Of course, if both lines continue to rise at the same monotonic rate, they will eventually reach a point where the demand for resources exceeds their availability. At that point, the response times will become unsatisfactory for both systems. Though the points may be different for A and B, they signify the limit of a system's scalability.
Remember - no system is infinitely scalable.
Systems do not follow a monotonic rate of increase in response vs demand metric. The curve looks more like the below example.
The hypothetical system tolerates demand increase quite well until it hits a significant design limitation. This limitation forms a knee-like shape in the response demand curve. After crossing a particular demand level, the response metric simply goes out of hand.
The goal of designers is to keep the knee of the curve as far to the right as possible. Once a system reaches closer to the knee, it is no longer scalable. Any increase in demand will push it down the hill.
The theoretical aspects of scalability were genuine eye-openers for me. But I still thought something was missing.
I couldn't completely relate the above graphs to our system. We were able to scale our system successfully during the initial days whenever there was a general increase in load. Things went south only when we hit the database limit.
This behavior does not fit into either of the two theoretical models to depict scalability.
How To Classify This Behavior
Most real system exhibit a more hybrid behavior. The below graph shows this:
When a system is running in the bottom green zone, it is responding well. As it begins to linger in the middle zone (shown in yellow), the response starts to get unacceptable. When it finally crosses into the top zone (shown in red), the system becomes unusable.
In my opinion, this is a more accurate representation of the second definition of scalability.
- On the first couple of occasions, the system designers were able to take quick action to keep the response within acceptable limits. It was probably a matter of adding additional memory.
- On the third occasion, the designers needed more time and effort to bring the response metric down to acceptable levels. The changes needed to improve the response were probably more complicated.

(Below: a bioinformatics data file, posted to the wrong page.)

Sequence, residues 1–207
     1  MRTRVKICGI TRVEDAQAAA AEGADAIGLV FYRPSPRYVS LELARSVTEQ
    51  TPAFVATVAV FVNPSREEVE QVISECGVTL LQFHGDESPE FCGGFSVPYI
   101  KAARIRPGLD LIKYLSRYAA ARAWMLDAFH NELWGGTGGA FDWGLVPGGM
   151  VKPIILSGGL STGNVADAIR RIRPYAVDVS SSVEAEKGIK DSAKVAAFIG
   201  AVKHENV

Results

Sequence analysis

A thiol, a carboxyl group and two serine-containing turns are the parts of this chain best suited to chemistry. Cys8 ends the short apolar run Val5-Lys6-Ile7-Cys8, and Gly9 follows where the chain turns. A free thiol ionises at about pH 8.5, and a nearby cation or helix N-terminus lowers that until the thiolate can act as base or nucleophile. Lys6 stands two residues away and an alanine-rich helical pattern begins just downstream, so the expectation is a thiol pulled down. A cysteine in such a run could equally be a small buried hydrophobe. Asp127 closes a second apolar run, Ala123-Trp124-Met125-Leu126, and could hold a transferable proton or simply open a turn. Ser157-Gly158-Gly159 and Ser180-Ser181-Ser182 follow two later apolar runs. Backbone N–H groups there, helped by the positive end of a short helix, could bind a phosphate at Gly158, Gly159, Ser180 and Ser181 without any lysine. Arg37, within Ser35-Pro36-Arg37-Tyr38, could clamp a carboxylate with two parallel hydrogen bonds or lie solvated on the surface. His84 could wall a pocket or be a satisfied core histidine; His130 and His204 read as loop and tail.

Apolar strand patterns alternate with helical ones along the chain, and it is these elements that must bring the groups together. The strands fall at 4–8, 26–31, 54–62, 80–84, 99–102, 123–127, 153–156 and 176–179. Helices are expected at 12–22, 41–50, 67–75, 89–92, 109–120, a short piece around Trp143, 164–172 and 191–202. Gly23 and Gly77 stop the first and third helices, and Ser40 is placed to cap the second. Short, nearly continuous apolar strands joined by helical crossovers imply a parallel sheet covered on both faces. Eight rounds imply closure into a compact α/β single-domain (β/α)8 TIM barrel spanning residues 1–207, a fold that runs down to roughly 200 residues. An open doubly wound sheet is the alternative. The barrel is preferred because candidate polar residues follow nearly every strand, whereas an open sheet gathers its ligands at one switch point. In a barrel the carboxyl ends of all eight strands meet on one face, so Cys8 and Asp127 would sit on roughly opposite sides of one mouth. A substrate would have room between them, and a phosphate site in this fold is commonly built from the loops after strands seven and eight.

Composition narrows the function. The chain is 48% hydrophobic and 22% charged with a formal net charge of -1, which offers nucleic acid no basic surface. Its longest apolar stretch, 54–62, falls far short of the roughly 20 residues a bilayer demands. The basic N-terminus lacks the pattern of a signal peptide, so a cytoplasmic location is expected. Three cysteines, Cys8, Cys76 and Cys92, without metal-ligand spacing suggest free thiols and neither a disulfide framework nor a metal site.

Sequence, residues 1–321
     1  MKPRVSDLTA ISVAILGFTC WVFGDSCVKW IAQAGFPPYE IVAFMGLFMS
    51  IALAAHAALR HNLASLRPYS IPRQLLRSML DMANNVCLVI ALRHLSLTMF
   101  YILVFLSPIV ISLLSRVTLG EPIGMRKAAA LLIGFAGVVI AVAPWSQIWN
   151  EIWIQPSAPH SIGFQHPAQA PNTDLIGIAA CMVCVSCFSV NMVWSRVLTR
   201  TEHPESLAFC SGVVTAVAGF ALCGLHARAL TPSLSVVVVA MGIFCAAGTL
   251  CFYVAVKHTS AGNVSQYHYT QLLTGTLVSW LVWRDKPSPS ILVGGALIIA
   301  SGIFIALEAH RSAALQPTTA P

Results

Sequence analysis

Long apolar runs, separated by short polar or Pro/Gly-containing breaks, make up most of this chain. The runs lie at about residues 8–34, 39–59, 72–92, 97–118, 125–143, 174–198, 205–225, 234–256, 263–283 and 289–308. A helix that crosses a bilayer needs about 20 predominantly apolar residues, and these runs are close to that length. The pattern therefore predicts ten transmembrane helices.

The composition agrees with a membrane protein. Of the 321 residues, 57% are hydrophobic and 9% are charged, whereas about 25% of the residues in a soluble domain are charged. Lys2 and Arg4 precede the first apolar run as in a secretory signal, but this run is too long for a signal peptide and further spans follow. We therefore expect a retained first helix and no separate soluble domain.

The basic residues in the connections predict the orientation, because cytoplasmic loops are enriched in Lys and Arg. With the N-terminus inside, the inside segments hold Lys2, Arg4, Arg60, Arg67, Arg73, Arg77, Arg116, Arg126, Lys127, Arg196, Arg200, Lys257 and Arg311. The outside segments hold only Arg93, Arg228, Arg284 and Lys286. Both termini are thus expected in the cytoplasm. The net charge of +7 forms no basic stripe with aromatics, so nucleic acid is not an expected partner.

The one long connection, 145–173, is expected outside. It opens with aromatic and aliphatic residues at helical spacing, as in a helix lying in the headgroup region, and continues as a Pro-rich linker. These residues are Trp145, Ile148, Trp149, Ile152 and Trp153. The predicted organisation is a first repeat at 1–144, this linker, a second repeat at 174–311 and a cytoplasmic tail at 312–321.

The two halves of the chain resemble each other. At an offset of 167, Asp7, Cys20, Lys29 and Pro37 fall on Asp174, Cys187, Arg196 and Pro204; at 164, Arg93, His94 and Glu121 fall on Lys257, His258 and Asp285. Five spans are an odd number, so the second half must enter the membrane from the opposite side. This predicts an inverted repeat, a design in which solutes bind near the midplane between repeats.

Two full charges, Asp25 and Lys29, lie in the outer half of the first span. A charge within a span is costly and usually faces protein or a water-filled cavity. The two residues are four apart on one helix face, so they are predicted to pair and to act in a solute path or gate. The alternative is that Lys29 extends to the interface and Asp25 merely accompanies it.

- In the last case, the system reached a point where no reasonable solution was possible to keep the response times from becoming unusable. The system was no longer scalable using the cost-effective techniques that worked the initial few times.
The above turn of events also depicts the situation of our system. Even though we were able to keep our system scalable for some time, it ultimately reached a point beyond which any cost-effective solution was not possible.
So, is the system scalable?
The answer is - it depends! And not in a cop-out sort of way.
Scalability is more of a moving target that evolves rather than a fixed state.
If the system owner can afford to continue pouring money to meet the higher demand levels, the system is scalable up to a certain point. Beyond this point, no cost-effective action can alleviate the response metric issues.
If the system owner has no money to purchase additional resources at the first very hiccup, the system is not scalable.
Whatever the case, no system is infinitely scalable.
My journey to understand the true meaning of scalability led to some important conclusions.
In my view, you cannot simply slap a label of scalability on a system and call it a day.
All systems are scalable to some extent. But it does not mean that you can continue scaling them indefinitely in a cost-effective manner.
An ideal scalability situation requires a nuanced approach to system design. Only focusing on adding resources to improve scalability is a trap. You also need to consider the cost-effectiveness of the additional resource.
With this post, my goal was to bring this perspective to the discussion.
Do share your thoughts in the comments section below.
Published at DZone with permission of Saurabh Dashora. See the original article here.